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Meeting a military recruiter?

Tips to keep in mind when you meet with a military recruiter.

Meeting a military recruiter?

The meeting was over before it began when a student interested in joining the Navy brought his new puppy to his interview with Senior Chief Jeff Priest.

“We had to ask him to leave. It is a professional organization.

We don’t need pets running around,” Priest says.

The puppy owner isn’t the only military hopeful who didn’t understand how to act around a recruiter. Priest says another Navy applicant walked into the recruiting center with a large lizard on his shoulder. Pets aren’t welcome, and the applicant wasn’t allowed to interview.

“If you are going to show up with a puppy at the job interview, you’re not needed,” Priest says.

What the military’s looking for

Instead of clueless applicants, the military is looking for students with strong grades who want to attend college. “The military is no longer a last-choice option, because of our stricter standards, because of our opportunity to go to college,” Priest says.

Great grades is just one qualification. Gunnery Sgt. James Connolly with the U.S. Marines says the military is looking for students who are also mentally and physically healthy. Connolly says soldiers as young as 21 and 22 are working on multimillion-dollar equipment. “If you don’t have the street smarts or the education to handle this stuff, it’s not a good fit,” he says.

The military also has physical requirements. Connolly says some students have to train to pass the physical exam. “They may be 50 pounds overweight, but if they show heart and determination, we can work with them,” he says.

Qualifying students have to show their professionalism and maturity to recruiters. Sgt. First Class Richard Byrd with the U.S. Army says students don’t need to dress formally, but they must look appropriate.

“Not tank tops, cut-offs, short shorts or halter tops. Nothing that could get anyone in trouble,” Byrd says.

What to expect at a meeting

When first meeting a recruiter, Byrd says you should shake hands. Priest says you should expect the first meeting to last an hour, and you should come prepared with questions. Students who take the time to create a list of questions show recruiters that they’re interested and serious about the military. One student, for example, came in with a list of thoughtful questions; Priest says it showed intelligence.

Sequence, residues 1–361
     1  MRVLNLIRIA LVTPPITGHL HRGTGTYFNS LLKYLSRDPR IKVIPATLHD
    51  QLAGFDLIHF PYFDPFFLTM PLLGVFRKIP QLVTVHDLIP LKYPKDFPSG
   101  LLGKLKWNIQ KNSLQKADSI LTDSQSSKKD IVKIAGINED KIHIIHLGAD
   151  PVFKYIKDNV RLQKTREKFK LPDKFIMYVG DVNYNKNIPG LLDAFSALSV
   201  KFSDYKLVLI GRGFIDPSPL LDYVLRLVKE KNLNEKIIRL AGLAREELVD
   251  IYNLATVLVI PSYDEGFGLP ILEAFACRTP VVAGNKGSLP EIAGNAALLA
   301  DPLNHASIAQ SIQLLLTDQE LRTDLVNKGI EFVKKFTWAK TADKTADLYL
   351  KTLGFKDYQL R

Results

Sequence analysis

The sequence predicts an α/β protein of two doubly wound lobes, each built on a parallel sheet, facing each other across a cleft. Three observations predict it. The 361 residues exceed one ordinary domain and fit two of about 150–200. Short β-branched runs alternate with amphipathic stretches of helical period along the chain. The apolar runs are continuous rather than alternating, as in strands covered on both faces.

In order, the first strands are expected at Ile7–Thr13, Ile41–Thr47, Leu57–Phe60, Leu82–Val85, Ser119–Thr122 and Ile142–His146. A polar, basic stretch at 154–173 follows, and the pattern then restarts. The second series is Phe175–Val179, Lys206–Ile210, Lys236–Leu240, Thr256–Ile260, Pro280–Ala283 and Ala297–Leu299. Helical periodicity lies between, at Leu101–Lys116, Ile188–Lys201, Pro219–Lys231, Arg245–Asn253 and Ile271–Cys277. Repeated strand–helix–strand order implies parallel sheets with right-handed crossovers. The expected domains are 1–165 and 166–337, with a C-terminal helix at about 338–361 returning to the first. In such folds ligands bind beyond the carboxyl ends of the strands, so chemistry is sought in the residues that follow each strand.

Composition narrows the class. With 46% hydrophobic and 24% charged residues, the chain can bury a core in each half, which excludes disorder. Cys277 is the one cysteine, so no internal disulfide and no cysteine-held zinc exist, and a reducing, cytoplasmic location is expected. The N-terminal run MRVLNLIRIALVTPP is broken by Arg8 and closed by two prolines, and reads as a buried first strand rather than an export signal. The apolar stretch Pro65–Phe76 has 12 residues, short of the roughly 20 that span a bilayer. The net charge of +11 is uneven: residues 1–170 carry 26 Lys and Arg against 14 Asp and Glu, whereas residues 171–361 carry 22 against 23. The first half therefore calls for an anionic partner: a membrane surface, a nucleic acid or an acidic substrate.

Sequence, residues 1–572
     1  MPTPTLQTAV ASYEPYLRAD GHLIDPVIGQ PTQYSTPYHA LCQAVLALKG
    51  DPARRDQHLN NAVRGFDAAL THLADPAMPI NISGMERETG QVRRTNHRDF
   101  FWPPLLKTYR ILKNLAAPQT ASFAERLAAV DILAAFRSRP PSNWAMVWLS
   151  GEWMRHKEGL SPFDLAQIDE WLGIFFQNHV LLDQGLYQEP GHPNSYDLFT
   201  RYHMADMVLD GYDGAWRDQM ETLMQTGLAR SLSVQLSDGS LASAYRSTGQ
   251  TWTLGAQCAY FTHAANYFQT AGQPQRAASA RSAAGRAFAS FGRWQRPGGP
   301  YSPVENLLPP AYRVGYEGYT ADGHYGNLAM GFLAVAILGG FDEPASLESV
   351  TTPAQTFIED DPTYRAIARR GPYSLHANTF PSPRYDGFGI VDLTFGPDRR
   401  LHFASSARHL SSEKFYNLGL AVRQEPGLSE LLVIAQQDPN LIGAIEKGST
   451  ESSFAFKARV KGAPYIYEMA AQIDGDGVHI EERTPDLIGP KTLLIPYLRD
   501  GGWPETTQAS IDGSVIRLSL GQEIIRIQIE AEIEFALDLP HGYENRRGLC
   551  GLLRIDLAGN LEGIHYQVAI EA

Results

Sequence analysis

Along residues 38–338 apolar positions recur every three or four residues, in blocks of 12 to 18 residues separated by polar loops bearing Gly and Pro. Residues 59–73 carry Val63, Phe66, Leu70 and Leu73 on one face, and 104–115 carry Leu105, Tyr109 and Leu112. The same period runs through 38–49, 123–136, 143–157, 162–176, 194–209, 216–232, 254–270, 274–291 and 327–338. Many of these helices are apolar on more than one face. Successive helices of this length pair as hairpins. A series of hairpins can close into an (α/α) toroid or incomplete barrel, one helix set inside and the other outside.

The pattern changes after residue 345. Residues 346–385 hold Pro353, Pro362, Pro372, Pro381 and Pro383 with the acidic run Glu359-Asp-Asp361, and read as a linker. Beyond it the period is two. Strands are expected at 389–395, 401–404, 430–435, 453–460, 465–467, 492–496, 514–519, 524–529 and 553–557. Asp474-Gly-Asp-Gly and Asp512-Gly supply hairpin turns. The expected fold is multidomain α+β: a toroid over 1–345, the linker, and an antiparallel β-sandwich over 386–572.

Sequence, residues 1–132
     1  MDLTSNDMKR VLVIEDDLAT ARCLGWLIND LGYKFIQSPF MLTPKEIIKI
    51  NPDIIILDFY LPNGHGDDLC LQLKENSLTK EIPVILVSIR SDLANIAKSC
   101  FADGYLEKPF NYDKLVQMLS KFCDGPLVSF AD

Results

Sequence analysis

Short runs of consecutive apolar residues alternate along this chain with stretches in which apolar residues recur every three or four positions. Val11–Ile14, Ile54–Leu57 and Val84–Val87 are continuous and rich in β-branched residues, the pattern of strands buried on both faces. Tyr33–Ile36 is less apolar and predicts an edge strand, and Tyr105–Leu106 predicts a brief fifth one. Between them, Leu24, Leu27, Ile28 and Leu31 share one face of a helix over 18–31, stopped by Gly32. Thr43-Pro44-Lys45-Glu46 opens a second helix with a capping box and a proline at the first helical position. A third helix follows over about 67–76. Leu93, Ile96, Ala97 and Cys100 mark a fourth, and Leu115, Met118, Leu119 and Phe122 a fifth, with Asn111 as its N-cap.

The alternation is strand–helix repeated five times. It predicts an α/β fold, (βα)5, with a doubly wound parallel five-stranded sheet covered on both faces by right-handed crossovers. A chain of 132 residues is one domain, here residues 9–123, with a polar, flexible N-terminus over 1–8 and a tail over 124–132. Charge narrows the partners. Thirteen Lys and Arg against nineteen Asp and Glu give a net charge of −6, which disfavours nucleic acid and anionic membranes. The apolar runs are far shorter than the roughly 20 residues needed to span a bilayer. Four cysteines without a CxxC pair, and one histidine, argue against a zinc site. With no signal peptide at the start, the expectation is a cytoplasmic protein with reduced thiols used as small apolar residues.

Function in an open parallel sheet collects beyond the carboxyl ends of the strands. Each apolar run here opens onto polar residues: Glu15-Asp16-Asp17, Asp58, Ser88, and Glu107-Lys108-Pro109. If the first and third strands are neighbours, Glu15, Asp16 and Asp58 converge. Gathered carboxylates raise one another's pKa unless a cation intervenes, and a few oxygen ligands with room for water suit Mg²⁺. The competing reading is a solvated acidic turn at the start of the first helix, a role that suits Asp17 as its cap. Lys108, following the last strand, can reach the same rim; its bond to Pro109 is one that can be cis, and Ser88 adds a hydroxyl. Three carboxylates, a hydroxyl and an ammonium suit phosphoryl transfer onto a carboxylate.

“I knew I wanted her on my team. She’s still in the Navy until this day,” he says.
Priest recommends meeting with recruiters from all four branches. “The Navy strongly encourages you to talk to all four,” Priest says. “There are some branches that will spend the full interview talking to you about their misconceptions of the other branches.”

Having a list of prepared questions can get recruiters back to talking about their branch, not the others. Ask about the commitment, benefits and “boot camp,” or basic training. Ask about the mental and physical requirements required. If you’re out of shape, you may have plenty of time to begin a training program. Connolly says a Marine recruiter will give a student a sample program to follow.

Not for you?

After meeting with a recruiter, you may feel like the military is not a good fit for you. If that’s the case, Byrd says to be up front with the recruiter so no time is wasted. “Just be honest and say, ‘At this present time, I choose not to go further with this option,’ ” Byrd says. “Unfortunately, kids will not answer the phone, or set up meetings and not come.”

The military will ask you to reveal any past drug problems or criminal history. And you’re expected to answer honestly. “We will find out if you are lying,” Priest says. “Retention is extremely high and articulation is really low. We can be selective.”

You can continue meeting with recruiters until you’ve made a decision. Recruiters will also meet with parents and answer their questions or concerns. “The more questions you ask, the better informed you will become,” Priest says.

Recruiters can’t:

• Force a student to sign any document.
• Promise a student they’ll get the military job they want.
• Promise where a student will be stationed.
• Waive any enlistment requirements.

Joining the military is a big decision, and recruiters say it’s not the best choice for everyone. Learn more about the lifestyle and career from the contacts below.

Air Force: The Air Force calls its recruiters advisers. At, you can do a quick search to find the nearest recruitment center. You can also chat online with an adviser or fill out a form to request more information. The website also answers questions about commitment, benefits and life in the Air Force. Or, call (800) 423-USAF (423-8723).

Army: The Army’s website,, answers questions about service options, commitment and benefits. It also has a “live chat” option through which you can asks recruiters questions. No computer? Call (800) USA-ARMY (872-2769) and ask to speak with a recruiter
in your area.

Coast Guard: The U.S. Coast Guard website,, has a local recruiter search and information about the Coast Guard’s responsibilities. The site also answers questions about benefits and entry requirements. Call the Coast Guard at (800) 438-USCG

Marines: The Marine Corps website,, has a parent guide, information about life in the Corps and an interactive history of the Corps. Fill out an online form to request more information, or call (800) MARINES (627-4637).

Navy: Visit to read more about life in the Navy. The website has an interactive quiz, the Life Accelerator, to help students focus their career interests. Students can also do a quick search to find local recruiting centers or do an online chat with a recruiter.
Call the Navy at (800) USA-NAVY (872-6289).


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